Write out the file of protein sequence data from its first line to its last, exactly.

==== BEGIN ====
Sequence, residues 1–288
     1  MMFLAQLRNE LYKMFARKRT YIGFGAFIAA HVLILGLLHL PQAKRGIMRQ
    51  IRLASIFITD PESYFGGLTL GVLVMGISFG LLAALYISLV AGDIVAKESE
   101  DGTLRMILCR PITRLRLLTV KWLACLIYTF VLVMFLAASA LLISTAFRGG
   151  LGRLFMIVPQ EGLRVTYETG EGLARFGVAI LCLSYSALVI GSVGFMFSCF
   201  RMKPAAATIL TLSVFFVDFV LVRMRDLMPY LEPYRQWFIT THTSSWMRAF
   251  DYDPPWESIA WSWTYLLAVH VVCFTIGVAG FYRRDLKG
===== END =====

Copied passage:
Sequence, residues 1–288
     1  MMFLAQLRNE LYKMFARKRT YIGFGAFIAA HVLILGLLHL PQAKRGIMRQ
    51  IRLASIFITD PESYFGGLTL GVLVMGISFG LLAALYISLV AGDIVAKESE
   101  DGTLRMILCR PITRLRLLTV KWLACLIYTF VLVMFLAASA LLISTAFRGG
   151  LGRLFMIVPQ EGLRVTYETG EGLARFGVAI LCLSYSALVI GSVGFMFSCF
   201  RMKPAAATIL TLSVFFVDFV LVRMRDLMPY LEPYRQWFIT THTSSWMRAF
   251  DYDPPWESIA WSWTYLLAVH VVCFTIGVAG FYRRDLKG